In his project Ubi Energeia Fuit, Dutch photographer Reinier Treur explores traces in the landscape that remind us of former energy related human activity: stone heaps that belonged to closed coals mines, an obsolete railway that was used to transport crude oil, trees that once surrounded a natural gas drilling site, a pond that was the result of lignite mining.
The projects title refers to the verse "Iam seges est, ubi Troia fuit" from the Roman poet Ovid: "Now there are fields where Troy once stood”.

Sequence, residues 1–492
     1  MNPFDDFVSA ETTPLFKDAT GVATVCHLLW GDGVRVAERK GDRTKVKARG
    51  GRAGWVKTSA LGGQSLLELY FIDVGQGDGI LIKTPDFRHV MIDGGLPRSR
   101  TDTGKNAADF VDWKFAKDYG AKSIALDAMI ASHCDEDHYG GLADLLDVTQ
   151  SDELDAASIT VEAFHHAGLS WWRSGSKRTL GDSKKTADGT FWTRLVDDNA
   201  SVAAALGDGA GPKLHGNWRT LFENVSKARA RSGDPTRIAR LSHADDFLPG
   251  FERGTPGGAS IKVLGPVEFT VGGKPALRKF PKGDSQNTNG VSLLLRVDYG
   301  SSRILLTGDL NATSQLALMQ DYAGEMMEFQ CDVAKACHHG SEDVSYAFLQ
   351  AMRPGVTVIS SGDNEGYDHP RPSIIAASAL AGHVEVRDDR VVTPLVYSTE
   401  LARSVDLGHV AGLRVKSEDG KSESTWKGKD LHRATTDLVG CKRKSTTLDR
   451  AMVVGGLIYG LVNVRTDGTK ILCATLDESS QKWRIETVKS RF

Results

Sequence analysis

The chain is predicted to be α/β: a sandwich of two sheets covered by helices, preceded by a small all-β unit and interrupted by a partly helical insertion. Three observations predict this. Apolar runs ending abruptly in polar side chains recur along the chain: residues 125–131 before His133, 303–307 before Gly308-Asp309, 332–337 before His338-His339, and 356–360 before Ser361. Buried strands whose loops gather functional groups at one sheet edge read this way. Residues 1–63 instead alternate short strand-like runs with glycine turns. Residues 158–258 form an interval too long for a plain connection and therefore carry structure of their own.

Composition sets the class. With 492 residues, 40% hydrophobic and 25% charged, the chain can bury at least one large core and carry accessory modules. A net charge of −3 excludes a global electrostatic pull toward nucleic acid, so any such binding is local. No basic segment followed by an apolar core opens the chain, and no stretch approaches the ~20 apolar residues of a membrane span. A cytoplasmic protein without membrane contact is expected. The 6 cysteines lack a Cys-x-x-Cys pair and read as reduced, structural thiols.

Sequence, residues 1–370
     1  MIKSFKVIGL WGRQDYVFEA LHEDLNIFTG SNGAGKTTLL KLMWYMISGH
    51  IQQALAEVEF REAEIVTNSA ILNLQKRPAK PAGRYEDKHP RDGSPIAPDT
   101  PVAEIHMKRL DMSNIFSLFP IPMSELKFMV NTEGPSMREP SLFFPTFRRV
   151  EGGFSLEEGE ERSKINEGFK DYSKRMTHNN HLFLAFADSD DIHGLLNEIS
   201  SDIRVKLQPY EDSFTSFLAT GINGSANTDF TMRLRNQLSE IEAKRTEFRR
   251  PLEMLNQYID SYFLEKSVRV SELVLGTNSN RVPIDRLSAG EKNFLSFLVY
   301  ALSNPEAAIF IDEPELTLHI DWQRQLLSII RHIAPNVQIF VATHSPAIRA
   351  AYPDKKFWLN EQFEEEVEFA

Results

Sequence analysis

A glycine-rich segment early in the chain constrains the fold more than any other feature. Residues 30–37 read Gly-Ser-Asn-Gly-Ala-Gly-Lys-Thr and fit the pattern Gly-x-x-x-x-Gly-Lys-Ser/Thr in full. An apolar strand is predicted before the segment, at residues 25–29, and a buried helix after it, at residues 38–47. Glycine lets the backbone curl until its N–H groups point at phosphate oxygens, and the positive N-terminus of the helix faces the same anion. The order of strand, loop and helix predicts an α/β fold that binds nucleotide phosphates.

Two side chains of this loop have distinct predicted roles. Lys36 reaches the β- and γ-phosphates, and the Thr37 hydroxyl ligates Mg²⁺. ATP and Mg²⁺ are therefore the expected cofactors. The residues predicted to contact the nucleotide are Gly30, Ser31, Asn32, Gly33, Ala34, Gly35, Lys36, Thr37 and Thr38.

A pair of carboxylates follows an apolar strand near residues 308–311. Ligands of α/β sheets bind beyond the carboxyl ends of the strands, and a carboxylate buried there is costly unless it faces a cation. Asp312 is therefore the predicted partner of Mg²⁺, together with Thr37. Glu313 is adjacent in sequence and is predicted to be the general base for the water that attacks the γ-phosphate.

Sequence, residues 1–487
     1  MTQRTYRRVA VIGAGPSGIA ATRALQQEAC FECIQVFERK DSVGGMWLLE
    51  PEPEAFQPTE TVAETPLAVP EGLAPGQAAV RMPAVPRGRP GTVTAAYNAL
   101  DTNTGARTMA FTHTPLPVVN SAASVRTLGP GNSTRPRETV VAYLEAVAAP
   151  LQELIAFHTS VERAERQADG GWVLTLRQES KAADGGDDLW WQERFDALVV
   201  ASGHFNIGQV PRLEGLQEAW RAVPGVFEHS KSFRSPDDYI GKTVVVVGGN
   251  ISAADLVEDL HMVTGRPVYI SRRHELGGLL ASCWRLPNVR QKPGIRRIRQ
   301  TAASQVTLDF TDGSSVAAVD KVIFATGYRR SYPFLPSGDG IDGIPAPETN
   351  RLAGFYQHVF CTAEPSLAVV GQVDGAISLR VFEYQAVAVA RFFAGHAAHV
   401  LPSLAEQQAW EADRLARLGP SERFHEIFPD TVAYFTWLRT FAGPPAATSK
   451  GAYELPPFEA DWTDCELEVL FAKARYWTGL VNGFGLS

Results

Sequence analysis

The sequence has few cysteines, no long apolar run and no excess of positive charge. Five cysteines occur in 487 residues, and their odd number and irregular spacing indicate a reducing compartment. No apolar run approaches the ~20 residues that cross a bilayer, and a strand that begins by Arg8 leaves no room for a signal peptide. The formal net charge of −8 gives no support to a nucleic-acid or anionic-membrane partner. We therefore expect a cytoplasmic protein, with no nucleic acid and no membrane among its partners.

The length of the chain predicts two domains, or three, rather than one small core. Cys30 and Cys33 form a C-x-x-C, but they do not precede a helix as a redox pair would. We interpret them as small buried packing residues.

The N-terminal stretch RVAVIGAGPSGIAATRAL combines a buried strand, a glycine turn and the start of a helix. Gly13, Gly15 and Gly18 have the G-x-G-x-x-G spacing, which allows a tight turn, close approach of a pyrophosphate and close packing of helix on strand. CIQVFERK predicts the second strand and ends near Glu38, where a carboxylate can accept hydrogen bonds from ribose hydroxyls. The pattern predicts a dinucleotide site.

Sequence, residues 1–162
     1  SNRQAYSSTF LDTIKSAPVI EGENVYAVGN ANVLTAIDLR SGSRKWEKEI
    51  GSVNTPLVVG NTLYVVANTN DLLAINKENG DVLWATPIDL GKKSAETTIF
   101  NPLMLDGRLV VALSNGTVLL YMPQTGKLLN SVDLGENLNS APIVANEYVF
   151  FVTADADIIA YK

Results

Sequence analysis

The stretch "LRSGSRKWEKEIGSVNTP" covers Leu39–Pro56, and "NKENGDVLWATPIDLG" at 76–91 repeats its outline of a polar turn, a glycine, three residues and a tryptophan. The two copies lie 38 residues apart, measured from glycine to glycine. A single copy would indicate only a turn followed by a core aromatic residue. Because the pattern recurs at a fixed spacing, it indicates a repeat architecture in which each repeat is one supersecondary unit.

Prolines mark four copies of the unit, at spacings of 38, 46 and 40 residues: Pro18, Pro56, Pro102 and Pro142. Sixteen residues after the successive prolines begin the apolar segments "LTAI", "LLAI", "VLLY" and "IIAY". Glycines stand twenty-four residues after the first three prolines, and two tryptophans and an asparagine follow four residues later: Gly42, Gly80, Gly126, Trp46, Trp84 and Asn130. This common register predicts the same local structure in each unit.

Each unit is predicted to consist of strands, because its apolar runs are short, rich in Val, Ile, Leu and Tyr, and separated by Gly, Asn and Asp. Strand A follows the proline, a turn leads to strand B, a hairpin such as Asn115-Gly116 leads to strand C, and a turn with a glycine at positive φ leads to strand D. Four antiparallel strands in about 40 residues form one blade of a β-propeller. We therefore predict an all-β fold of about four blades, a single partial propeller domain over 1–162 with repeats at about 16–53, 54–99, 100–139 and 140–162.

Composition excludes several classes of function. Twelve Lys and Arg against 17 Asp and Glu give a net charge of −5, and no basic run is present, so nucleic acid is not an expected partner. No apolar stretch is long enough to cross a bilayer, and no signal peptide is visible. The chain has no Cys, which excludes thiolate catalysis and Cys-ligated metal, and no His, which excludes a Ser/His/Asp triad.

Hit the jump to see some more of Reinier’s work
In the Netherlands, densely populated as it is, factories and production facilities are usually demolished soon after they haven been taken out of use, and the valuable ground is re-used rapidly. A residential area, new nature or leisure facilities are erected. Yet, if you know what to look for, traces of the former energy production can still be seen. Like any other human activity, it has altered the landscape for ever.
Reinier Treur is a PR adviser, editor and photographer, based in the north of the netherlands. In his non commissioned photography projects he focuses on the relation between mankind and the landscape, with a preference for empty, dilapidated and gloomy places.